Techniques for 3D seismic interpretation by geoscientists are continuously undergoing improvements, and future exploration is anticipated to continue to benefit from high-confidence first pass interpretations utilizing all of the available seismic and well data. Workflows have been developed on a'super-merge' 3D volume to produce attribute-enhanced chronostratigraphic stratal surfaces, allowing interpretation of regional-scale seismic facies and associated seismic geomorphology and tectonostratigraphy. In this example, a semi-supervised machine-based learning workflow has provided rapid turnaround interpretation of the structural framework and chronostratigraphy throughout the entire 3D seismic volume, maximizing the value of the seismic information. This workflow consists of a three-step auto-tracking workflow to build a Relative Geological Time (RGT) geo-model directly from the seismic volume. This enables more time to spend on geological validation and interpretation of the stratal surface seismic geomorphology. Study results have provided the foundation for rapid turnaround well and seismic integrated play fairway maps; a powerful tool for stimulating exploration in mature areas or wildcat acreage assessment. This study focused on Middle and Upper Jurassic carbonates deposited on a broad low angle platform on the Arabian Plate. Interpreting in map view on RGT constrained stratal surfaces with attributes such as, relative acoustic impedance and spectral decomposition, is invaluable for visualization since the stratal surface follows the morphology of the imaged geologic features. The ability to select any stratal surface within the volume and flatten, either on a seismic display or the Relative Geological Time geo-model, is particularly useful to establish the timing of major tectonic episodes and accommodation space fluctuations.
Hassan, Ahmed (King Abdullah University of Science and Technology) | Chandra, Visawanthi (King Abdullah University of Science and Technology) | Yutkin, Maxim P. (King Abdullah University of Science and Technology) | Patzek, Tadeusz W. (King Abdullah University of Science and Technology) | Espinoza, D. N. (University of Texas at Austin)
Microporous carbonates contain perhaps 50% of the oil left behind in current projects in the giant carbonate fields in the Middle East and elsewhere. Pore geometry, connectivity, and wettability of the micropore systems in these carbonates are of paramount importance in finding new improved-oil-recovery methods. In this study, we present a robust pore-imaging approach that uses confocal laser scanning microscopy (CLSM) to obtain high-resolution 3D images of etched epoxy pore casts of the highly heterogeneous carbonates. In our approach, we have increased the depth of investigation for carbonates 20-fold, from 10 µm reported by Fredrich (1999) and Shah et al. (2013) to 200 µm. In addition, high-resolution 2D images from scanning electron microscopy (SEM) have been correlated with the 3D models from CLSM to develop a multiscale imaging approach that covers a range of scales, from millimeters in three dimensions to micrometers in two dimensions. The developed approach was implemented to identify various pore types [e.g., intercrystalline microporosity (IM), intragranular microporosity (IGM), and interboundary sheet pores (SPs)] in limestone and dolomite samples.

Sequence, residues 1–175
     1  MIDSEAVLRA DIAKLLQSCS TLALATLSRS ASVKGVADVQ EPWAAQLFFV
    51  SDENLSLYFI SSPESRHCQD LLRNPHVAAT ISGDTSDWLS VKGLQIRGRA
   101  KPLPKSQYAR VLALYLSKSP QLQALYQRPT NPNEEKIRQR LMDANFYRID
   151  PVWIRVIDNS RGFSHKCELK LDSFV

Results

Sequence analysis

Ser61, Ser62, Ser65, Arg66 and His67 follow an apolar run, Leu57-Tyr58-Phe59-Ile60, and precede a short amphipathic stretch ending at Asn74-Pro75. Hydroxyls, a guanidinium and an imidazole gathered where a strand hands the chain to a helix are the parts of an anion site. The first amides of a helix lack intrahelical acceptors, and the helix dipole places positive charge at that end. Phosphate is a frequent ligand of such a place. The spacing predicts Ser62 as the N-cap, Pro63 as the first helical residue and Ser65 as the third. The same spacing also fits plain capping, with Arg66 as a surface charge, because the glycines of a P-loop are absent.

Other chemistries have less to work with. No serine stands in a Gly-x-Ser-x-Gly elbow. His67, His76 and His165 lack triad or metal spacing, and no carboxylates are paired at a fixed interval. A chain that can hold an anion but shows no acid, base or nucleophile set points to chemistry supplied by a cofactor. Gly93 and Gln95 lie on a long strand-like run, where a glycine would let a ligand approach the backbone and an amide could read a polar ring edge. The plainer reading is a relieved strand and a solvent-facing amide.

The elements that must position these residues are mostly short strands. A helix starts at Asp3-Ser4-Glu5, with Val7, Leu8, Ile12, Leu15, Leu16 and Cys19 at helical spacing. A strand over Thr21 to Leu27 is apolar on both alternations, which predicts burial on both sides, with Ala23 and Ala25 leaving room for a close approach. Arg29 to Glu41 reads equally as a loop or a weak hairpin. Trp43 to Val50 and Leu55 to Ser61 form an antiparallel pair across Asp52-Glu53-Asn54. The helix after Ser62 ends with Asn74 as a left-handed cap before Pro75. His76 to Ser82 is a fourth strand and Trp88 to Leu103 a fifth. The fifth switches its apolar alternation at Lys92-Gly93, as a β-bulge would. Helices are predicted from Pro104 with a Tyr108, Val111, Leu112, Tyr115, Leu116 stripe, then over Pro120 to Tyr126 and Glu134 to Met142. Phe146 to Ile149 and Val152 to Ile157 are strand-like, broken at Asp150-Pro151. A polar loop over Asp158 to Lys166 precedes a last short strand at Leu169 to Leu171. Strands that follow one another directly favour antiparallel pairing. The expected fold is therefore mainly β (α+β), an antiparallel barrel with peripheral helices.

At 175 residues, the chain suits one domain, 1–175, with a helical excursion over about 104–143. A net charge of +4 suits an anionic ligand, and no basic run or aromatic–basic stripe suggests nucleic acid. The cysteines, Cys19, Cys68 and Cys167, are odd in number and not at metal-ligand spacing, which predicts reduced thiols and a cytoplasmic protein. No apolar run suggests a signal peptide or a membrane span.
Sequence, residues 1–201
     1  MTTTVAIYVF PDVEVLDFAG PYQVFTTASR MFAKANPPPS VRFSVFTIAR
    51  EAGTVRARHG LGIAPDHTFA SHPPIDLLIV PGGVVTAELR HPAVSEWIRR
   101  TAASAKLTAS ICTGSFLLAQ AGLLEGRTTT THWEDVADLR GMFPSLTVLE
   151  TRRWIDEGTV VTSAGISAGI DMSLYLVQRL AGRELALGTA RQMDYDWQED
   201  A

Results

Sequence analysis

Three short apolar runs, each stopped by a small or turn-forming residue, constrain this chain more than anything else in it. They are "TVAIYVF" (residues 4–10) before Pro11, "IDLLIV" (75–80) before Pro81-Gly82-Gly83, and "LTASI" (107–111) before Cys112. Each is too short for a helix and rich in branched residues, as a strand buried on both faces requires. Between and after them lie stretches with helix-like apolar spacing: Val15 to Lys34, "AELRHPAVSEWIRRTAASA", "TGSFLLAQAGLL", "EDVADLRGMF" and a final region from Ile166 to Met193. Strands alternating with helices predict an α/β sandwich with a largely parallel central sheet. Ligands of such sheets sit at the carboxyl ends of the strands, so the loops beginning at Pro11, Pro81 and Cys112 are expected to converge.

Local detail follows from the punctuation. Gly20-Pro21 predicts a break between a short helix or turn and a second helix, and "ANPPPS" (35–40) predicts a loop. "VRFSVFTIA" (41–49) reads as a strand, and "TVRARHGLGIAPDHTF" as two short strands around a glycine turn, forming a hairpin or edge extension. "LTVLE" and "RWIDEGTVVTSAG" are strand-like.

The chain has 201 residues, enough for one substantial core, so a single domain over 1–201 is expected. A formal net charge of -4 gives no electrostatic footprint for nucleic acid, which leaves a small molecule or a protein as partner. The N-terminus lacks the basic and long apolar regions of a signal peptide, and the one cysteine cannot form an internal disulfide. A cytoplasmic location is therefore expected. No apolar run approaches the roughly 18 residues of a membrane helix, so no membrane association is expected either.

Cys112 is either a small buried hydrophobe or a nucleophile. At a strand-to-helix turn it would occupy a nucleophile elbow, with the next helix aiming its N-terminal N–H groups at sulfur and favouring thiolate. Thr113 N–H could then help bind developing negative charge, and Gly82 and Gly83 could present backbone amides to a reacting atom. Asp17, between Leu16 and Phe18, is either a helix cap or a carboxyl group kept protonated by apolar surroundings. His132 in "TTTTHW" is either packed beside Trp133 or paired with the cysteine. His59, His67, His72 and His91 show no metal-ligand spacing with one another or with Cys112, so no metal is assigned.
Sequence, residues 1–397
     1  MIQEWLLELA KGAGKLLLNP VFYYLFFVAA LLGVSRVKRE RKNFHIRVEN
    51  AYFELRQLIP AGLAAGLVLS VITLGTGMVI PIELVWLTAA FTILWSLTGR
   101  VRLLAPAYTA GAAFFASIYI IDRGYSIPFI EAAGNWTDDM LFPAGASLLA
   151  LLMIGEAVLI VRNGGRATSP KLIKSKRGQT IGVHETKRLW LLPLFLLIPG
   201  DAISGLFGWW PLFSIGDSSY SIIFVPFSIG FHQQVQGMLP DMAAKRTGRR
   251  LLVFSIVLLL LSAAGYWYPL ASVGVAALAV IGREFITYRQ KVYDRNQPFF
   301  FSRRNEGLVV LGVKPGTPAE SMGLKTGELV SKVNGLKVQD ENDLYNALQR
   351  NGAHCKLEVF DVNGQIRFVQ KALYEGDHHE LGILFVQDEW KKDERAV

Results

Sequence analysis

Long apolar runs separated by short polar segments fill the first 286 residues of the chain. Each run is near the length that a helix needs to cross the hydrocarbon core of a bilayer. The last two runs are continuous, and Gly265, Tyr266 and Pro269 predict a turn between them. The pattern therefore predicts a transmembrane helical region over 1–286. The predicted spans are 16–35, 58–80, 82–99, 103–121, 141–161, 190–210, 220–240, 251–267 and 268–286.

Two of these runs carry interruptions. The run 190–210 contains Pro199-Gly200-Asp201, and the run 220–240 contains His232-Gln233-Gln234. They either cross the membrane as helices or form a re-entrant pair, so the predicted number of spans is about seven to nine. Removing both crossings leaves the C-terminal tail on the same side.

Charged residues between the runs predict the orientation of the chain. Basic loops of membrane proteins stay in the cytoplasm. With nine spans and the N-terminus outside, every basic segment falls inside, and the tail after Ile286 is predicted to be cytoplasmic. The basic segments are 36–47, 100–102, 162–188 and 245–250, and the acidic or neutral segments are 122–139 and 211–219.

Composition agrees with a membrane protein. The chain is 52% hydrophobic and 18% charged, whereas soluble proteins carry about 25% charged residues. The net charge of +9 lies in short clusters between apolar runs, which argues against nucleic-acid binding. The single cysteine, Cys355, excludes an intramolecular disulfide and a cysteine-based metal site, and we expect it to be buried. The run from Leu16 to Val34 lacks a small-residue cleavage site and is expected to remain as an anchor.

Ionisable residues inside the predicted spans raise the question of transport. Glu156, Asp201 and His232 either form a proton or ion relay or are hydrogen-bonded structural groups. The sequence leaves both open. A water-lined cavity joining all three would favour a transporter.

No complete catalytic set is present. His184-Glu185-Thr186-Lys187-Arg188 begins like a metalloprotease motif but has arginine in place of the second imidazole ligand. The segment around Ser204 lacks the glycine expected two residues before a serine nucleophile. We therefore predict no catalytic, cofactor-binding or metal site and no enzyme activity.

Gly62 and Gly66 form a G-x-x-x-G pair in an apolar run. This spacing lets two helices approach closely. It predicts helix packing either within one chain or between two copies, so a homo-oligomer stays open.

Retrofitting separators with internals can be considered to be a five-step process. What are you trying to accomplish, e.g., improve flow distribution, reduce droplet shearing, increase gas capacity? Supports. How to support the internals? Alternative supports such as expansion rings? How to prepare site/vessel (e.g., isolation, cleanout) and actually install the internals and supports once they are fabricated.